San Francisco is a hell of long way from Ayrshire or Dumfries but here’s a hearty sláinte mhaith to all celebrating Scotland’s great bard tonight. Seemingly saddled with a cold from the deepest wells of hell, I’ll be toasting the man with some tea, a bit of Echinacea tincture, and if I’m lucky, a wee bit more than the recommended dose of codeine-infused cough syrup as a night-cap.
The more I learn about Burns, the more I like him. Granted, he tended to be a bit loose with his cannon and spread his seed perhaps more than the town fathers would have preferred in those days, but in its own way, that kind of virility certainly warrants a bit of applause even with a small asterisk of moral turpitude. What ultimately stands out for me is his lifelong evolving sense of equality and fairness. From his days toiling on someone else’s land, to his later struggles in providing for his ever-increasing family, Burns cast a wary eye and often a scathing pen towards those in authority, be it rich landowners or strict, pompous Calvinists. So in lieu of some random whisky review or a cavalier, semi-factual note on how the pony that Burns borrowed to ride to Edinburgh on was named Steve, I’ll leave you with this:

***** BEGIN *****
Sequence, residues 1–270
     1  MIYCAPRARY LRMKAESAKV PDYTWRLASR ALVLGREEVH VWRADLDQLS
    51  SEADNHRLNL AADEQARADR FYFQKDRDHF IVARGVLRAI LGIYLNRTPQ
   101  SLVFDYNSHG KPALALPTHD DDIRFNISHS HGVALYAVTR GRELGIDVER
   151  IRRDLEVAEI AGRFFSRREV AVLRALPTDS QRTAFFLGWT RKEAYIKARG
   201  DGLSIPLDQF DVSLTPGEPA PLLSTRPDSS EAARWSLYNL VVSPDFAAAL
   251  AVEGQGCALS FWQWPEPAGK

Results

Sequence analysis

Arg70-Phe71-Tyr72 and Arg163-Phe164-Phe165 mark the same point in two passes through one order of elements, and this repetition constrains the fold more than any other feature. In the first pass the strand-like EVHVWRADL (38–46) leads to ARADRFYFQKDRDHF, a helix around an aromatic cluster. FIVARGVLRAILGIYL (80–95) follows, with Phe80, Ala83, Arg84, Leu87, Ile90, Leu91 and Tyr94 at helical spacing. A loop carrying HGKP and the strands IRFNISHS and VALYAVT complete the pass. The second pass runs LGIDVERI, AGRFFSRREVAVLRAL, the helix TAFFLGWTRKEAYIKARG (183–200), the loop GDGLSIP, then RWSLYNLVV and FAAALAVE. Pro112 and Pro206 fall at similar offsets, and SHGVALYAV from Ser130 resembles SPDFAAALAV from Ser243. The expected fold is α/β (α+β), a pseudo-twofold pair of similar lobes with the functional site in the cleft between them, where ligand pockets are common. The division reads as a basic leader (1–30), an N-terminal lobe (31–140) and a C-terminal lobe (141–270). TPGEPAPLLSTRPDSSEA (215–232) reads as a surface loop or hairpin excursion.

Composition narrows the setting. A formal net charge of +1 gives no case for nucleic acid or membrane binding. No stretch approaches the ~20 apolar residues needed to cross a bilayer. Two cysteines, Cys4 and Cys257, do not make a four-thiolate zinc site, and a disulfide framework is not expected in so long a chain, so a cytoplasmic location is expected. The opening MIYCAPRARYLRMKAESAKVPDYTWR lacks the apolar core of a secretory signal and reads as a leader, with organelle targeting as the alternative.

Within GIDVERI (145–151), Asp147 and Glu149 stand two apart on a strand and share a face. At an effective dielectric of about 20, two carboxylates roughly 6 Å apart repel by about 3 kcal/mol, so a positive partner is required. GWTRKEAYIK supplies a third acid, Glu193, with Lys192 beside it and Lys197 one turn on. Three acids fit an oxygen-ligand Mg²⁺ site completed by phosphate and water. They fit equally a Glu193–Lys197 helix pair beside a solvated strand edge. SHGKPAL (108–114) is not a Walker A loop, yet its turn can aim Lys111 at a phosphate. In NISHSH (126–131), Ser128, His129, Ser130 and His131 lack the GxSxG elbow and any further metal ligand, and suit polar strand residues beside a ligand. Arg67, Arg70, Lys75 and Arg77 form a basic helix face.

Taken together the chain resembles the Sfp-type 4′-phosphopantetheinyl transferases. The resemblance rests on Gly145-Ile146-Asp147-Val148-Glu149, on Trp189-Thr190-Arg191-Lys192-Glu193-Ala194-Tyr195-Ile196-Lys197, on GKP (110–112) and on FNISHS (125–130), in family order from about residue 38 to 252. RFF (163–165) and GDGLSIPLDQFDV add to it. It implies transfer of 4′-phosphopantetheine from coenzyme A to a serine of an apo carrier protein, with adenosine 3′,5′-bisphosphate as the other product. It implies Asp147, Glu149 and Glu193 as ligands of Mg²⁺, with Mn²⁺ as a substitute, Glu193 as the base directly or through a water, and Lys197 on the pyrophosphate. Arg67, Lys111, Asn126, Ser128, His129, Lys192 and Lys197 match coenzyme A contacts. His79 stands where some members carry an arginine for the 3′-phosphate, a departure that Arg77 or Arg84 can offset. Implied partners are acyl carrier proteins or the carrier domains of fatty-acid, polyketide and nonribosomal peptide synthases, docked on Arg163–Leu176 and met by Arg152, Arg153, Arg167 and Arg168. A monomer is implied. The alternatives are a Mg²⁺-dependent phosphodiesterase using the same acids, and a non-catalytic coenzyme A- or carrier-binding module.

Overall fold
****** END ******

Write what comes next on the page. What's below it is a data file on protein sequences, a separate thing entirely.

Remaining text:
Then let us pray that come it may,
(As come it will for a’ that,)
That Sense and Worth, o’er a’ the earth,
Shall bear the gree, an’ a’ that.
For a’ that, an’ a’ that,
It’s comin yet for a’ that
That man to man, the world o’er,
Shall brithers be for a’ that.
(From the song,”A Man’s A Man For A’That)
Sadly, between classist, corporate hegemony and organized religion’s hypocritical policies of near world-wide hate and discrimination, Burns’ dream is a long, long…long way from being realized, but certainly not one to give up on.